We’re working with whole people. So even when I work with, I mean, I work mainly with, with leaders in businesses, I’m not just working with their work selves, I’m working with them as a whole person, right? Because we’re not two different people, right? Who’d have thought it, right? So it is about maximising personal and professional potential.

The difference between coaching, training, and mentoring 

Sophie Brazell-Ng: Amazing. Interesting that you started off also talking about the sports. I hadn’t thought about that before, but we are very much talking about coaching in organisations here and in business. I think a lot of people sometimes use coaching interchangeably with a lot of other terms, but can you share what the difference is between training, teaching, mentoring, and coaching is?

Sarah Partridge: Yeah. So, coaching, as I said, is very non-directive and it’s all about unlocking potential. Whereas training is about imparting skills and knowledge and essentially directing someone in terms of what to do or how to do something differently. So training is a lot more tell, coaching is a lot more ask.

And we talk about this idea of push and pull. So coaching is very pull, whereas training and teaching is very push. And mentoring is almost like a combination between the two, right? So you’ll probably push, do a bit of pushing and do a bit of pulling within a mentoring conversation. Coaching is quite, you know, the, in the purest sense of the word.

So when you’re trained in the world of executive coaching, You know, it’s very much about pulling from the client’s existing knowledge. So there’s a real belief as a coach that the person that has the right answer is the person sitting in front of you. Not you as the coach, you don’t have the right answer for them. They have the right answer for them. 

So you kind of really believe in that inbuilt, inherent sense of knowing. like they’ve got the answers they need within themselves and you as the coach are almost helping them to unlock that potential. Does that make sense? 

Christina Curtis: Yeah. No, that’s, that’s really interesting.

Because I deliver training, I teach and I mentor. So from what you’re saying about the kind of pulling, I feel like a lot of the time, it’s actually students and other people meant to pulling things from me and a lot of advice and supporting them rather than me pulling things from them. So I think that’s a really good way to kind of differentiate it.

And also when I was sort of years ago, sort of studied psychotherapy, again, it was a lot about that kind of person-centred approach and it’s about the person having that, you know, the answers, isn’t it? 

Sarah Partridge: Yeah. You know, very similar to that. Yeah. Definitely. 

Why coaching is a game-changer in today’s workplace

Sophie Brazell-Ng: Wonderful. And this might seem a little bit of a daft question because it’s probably very obvious to you and also very obvious to the clients that you’re working with. But why do you think that coaching is important in the workplace?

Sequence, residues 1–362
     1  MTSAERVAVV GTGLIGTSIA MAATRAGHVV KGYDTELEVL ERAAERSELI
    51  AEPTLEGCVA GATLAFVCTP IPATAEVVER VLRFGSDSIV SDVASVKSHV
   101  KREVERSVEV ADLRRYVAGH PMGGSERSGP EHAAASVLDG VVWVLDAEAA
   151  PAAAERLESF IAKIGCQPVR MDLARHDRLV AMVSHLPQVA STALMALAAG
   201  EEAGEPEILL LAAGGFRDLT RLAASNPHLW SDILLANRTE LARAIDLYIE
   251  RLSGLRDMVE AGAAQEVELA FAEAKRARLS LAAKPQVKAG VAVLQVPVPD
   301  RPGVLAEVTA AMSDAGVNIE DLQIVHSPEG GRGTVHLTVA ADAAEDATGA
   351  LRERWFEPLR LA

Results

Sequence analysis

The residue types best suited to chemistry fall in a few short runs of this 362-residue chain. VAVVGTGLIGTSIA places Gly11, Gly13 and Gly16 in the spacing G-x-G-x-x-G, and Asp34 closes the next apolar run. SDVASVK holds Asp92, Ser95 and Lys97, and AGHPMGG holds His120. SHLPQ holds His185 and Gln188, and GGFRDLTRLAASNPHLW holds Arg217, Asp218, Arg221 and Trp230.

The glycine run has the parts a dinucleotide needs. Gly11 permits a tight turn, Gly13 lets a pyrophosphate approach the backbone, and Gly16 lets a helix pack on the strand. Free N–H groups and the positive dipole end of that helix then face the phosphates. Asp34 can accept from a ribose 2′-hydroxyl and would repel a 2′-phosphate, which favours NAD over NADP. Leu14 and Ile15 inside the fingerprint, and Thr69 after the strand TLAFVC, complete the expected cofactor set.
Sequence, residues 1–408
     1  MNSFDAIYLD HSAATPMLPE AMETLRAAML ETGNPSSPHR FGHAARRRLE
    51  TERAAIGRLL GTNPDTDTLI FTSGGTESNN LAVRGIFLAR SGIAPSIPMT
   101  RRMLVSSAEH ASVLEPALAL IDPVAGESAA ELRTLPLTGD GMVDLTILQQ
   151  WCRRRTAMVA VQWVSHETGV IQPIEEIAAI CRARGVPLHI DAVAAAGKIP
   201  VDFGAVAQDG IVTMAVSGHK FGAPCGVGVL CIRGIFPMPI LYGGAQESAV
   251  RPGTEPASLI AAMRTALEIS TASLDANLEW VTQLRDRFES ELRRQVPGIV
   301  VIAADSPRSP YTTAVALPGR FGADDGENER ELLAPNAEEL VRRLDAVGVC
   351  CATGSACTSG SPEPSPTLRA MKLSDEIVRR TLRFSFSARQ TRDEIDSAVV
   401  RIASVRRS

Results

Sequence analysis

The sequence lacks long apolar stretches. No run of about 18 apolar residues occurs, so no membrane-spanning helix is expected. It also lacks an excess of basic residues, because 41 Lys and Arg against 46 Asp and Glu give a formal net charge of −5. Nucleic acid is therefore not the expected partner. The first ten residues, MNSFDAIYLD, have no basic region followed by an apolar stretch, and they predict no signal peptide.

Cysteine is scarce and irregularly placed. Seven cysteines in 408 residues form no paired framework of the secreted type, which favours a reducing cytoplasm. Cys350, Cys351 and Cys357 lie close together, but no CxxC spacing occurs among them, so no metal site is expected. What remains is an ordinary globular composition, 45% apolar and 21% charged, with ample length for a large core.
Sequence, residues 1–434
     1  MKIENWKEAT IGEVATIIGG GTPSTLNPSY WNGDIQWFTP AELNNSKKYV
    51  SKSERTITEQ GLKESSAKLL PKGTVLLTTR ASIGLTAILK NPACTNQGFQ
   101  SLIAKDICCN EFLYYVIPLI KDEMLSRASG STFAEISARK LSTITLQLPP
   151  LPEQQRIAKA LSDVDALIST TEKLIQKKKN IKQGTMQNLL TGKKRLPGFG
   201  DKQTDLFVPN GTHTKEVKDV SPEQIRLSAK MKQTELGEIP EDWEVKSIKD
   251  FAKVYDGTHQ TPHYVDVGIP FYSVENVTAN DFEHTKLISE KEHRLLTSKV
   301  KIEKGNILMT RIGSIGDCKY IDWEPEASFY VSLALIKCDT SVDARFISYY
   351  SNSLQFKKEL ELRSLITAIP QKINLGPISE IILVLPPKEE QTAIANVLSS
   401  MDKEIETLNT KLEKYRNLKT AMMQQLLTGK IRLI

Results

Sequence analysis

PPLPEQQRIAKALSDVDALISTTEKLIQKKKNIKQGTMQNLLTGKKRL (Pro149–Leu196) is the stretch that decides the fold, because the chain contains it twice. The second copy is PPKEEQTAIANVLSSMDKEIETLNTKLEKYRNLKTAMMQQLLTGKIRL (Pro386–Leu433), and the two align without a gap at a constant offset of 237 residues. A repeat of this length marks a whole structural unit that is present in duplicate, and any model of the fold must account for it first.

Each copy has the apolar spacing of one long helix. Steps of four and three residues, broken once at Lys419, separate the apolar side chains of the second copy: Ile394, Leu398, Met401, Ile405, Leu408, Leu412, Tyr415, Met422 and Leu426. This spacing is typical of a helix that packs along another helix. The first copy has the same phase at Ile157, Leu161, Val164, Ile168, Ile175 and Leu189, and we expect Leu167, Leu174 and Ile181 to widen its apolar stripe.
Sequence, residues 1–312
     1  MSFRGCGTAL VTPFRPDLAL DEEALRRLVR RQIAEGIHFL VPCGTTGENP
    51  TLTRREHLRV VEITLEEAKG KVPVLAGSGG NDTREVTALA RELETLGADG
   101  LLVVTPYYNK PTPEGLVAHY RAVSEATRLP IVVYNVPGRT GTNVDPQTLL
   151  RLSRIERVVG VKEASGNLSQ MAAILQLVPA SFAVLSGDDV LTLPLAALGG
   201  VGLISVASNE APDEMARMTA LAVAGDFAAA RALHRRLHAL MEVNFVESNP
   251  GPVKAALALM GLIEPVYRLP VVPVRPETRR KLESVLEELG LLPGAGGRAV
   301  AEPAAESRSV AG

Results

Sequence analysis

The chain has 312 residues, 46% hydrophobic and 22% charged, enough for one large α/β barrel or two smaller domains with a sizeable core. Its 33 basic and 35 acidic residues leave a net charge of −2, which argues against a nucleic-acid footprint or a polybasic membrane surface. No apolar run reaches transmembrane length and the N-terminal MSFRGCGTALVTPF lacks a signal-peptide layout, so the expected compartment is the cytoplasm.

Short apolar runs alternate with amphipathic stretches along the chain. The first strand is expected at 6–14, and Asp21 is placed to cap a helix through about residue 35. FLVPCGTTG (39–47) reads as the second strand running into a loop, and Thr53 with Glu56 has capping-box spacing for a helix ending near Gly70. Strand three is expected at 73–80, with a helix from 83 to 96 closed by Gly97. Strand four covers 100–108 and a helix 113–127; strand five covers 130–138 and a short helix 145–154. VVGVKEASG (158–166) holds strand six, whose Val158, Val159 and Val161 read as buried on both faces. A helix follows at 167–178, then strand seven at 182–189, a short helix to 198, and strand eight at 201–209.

Sarah Partridge: Yeah, I mean, it’s such a great question. And I think it’s one that we don’t discuss enough in business actually. And the more that I work as a coach with leaders in organisations, the more I believe it’s becoming important. And that’s because the way that I describe it is that when we’re working as a leader in an organisation and we have a hundred priorities that are competing, we’ve got a team of people who all want time with us.

We’re juggling many, many balls, right? When we’re kind of operating in that state, we’re generally operating reactively, you know, we’re thinking very fast, right? 

And we’re kind of just go, go, go, go, go, go, go. And there’s not really much time for reflection. 

Christina Curtis: I’m not often thinking differently either. I’m like, I’m having to go with things I know that work and get me that quickly.

Sarah Partridge: Well we can’t. We have no space to think differently, you know, and that’s just, Completely understandable, right? And I’ve been there myself as a leader in an organisation, but I think what coaching allows is for people to slow down. And actually, I’ve got a coaching client I’m working with at the moment, and she’s an MD of a big music company, and she talked about this idea of being on the hamster wheel all the time at work.

And actually, when she comes into coaching, it’s her slow down time. And I think you might be aware of the famous. Daniel Kahneman book, the fast and slow thinking, right? It’s like when we’re sort of reacting with fast, fast, fast, fast, fast, and then we come into coaching. It’s giving or providing that environment where slow thinking can be embraced, right? And that’s where we get our best ideas. That’s where we can reflect on ourselves, you know, in that kind of metaphysical way that only humans can do, right? To think about how we are as individuals. It can’t happen inside that reactive environment. We have to create a different space for that.